Nephrite Jade / Wyoming Jade
Nephrite jade (also known as “Wyoming Jade”), the Wyoming State Gemstone, was first described in the Granite Mountains area of central Wyoming in 1936 (Sinkankas, 1959; Sutherland, 1990). The most intense jade exploration and mining activity occurred there between about 1940 and 1960 (Madsen, 1978). Recent exploration activity indicates renewed interest in Wyoming Jade.
Gemologists apply the term jade to two distinct and unrelated mineral species: jadeite and nephrite. These two types of jade resemble each other so closely that they are essentially indistinguishable in most hand specimens isolated from their geologic environment of origin. Positive distinction between the two jades often requires the aid of tests such as petrographic, specific gravity, chemical, and/or x-ray diffraction analyses (Hausel and Sutherland, 2000). Wyoming Jade is nephrite jade; jadeite is not known to occur in Wyoming. Most of the high-quality jade found in Wyoming has been extracted from alluvial deposits in and around the Granite Mountains of central Wyoming. Jade’s specific gravity of 2.9 to 3.02 is not great enough to concentrate usable-sized pieces into well-defined placers.
Wyoming Jade is considered to be some of the finest nephrite in the world, against which material from other deposits must be compared (Sinkankas, 1959). Wyoming’s nephrite jade varies from translucent to opaque, and ranges in color from off-white (rare) to apple green, emerald green, leaf green, olive green, black, and green and white “snowflake jade” (Hausel and Sutherland, 2000). Detrital nephrite jade is found over a wide area of central Wyoming, from the southern end of the Wind River Range on the west to the Platte River near the town of Guernsey on the east, and from Sage Creek Basin along the Sierra Madre on the south to near the town of Lysite on the north.
Nephrite is an amphibole made up of extremely dense and compact fine-grained fibrous tremolite-actinolite, whereas jadeite is a pyroxene of the augite series composed of fine-grained, compact massive aggregates of interlocking crystals. The felted fiber (nephrite) or interlocking crystal (jadeite) textures of these two different minerals both result in a toughness and durability much greater than anticipated from their moderate hardness (5.0 to 6.0 for nephrite and 6.5 to 7.0 for jadeite). This moderate hardness combined with great toughness makes jade, regardless of whether it is jadeite or nephrite, relatively easy to saw and carve into delicate but extremely durable objects of art and adornment (Sinkankas, 1959).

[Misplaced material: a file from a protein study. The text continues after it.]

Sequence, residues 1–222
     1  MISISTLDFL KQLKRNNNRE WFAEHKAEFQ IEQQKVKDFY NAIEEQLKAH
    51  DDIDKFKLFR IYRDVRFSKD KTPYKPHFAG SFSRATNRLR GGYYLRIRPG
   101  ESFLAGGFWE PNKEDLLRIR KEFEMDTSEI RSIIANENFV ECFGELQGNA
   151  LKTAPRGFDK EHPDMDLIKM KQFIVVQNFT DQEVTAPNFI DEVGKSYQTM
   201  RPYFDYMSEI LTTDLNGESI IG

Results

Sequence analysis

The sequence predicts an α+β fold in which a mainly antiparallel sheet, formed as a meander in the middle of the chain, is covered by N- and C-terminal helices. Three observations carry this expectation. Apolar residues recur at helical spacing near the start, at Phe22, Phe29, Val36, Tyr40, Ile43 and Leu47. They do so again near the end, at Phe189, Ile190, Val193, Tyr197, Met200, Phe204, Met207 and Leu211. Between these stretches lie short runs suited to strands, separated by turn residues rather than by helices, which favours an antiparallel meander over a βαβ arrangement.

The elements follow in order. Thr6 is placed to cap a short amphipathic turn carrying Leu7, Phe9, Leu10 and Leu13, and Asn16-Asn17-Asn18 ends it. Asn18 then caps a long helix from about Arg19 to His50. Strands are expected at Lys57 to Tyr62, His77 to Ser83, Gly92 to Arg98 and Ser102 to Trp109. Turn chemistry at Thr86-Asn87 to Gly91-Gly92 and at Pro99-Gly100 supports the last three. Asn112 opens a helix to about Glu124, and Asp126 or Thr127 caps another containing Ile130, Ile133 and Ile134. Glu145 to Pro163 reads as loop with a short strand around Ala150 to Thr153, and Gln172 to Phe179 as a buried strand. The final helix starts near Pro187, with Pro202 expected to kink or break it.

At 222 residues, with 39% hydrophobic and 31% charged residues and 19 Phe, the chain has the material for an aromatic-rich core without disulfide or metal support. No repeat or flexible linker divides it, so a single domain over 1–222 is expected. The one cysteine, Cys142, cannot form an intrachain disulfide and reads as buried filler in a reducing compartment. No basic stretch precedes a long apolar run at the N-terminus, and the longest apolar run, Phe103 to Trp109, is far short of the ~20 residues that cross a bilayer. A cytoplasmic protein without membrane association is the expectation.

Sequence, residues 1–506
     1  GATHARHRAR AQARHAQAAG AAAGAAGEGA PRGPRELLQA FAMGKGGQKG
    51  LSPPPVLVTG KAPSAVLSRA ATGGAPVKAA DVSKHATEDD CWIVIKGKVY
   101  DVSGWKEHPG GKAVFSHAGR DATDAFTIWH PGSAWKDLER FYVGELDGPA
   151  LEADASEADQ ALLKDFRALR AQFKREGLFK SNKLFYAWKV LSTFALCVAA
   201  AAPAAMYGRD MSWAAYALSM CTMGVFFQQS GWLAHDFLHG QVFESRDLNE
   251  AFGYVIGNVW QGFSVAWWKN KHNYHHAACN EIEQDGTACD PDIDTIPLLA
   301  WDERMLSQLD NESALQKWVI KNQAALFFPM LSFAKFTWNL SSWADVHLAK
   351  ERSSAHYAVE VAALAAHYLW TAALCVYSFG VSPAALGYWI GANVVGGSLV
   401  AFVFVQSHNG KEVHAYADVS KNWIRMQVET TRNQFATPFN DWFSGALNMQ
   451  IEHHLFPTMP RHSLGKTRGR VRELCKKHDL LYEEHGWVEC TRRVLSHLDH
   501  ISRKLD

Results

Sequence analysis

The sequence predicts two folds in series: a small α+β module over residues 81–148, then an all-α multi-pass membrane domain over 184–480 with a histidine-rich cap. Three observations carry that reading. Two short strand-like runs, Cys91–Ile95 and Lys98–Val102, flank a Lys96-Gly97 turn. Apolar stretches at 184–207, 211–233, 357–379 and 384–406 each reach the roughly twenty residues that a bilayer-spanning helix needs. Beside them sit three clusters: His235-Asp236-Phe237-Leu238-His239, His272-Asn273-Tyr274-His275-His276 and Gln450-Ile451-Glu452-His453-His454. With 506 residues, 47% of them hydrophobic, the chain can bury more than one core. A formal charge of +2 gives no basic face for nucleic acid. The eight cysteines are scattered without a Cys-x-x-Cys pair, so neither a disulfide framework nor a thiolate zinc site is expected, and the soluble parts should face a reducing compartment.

Relief carving in thin slab of
Wyoming nephrite jade.
Backlit relief carving in thin slab
of Wyoming nephrite jade.
Because of its fibrous aggregate structure, nephrite has no cleavage. If broken, nephrite shows a brittle and irregular fracture that produces a dull to splintery fractured surface unless accompanied by inclusions of other minerals such as mica (Sinkankas, 1959). Nephrite may occasionally show a direction of separation if it has developed schistosity (Bauer, 1969).
Nephrite is a calcium magnesium silicate [Ca2(Fe,Mg)5Si8O22(OH)2] intermediate in composition between actinolite [Ca2(Fe,Mg)5Si8O22(OH)2] and tremolite [Ca2Mg5Si8O22(OH)2]. Bauer (1969) provided a chemical analysis of nephrite from Eastern Turkestan that shows a small amount of sodium present within the mineral (1.28 percent Na2O in that particular specimen). Madsen (1978) also noted minute amounts of sodium in some analyses of Wyoming nephrite. It is most likely that other elements occasionally substitute within the nephrite structure depending on its specific environment of formation. Harlow and Sorensen (2001) cite an uncommon emerald green color in nephrite as resulting from the presence of chromium within the crystal lattice. The typical green color of nephrite derives from the presence of iron within the crystal lattice. In the absence of iron, nephrite is almost colorless, but appears cloudy white because of its micro-fibrous structure. Black nephrite generally results from excess iron (Sinkankas, 1959).